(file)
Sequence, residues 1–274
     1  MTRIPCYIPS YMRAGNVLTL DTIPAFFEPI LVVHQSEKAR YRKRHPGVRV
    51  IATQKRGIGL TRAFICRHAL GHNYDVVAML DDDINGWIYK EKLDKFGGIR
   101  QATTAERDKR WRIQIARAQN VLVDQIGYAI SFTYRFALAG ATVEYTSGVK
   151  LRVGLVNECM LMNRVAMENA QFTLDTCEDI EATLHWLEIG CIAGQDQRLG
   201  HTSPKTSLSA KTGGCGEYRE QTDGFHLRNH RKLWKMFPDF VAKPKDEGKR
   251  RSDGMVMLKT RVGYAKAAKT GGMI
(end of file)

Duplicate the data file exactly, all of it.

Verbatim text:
Sequence, residues 1–274
     1  MTRIPCYIPS YMRAGNVLTL DTIPAFFEPI LVVHQSEKAR YRKRHPGVRV
    51  IATQKRGIGL TRAFICRHAL GHNYDVVAML DDDINGWIYK EKLDKFGGIR
   101  QATTAERDKR WRIQIARAQN VLVDQIGYAI SFTYRFALAG ATVEYTSGVK
   151  LRVGLVNECM LMNRVAMENA QFTLDTCEDI EATLHWLEIG CIAGQDQRLG
   201  HTSPKTSLSA KTGGCGEYRE QTDGFHLRNH RKLWKMFPDF VAKPKDEGKR
   251  RSDGMVMLKT RVGYAKAAKT GGMI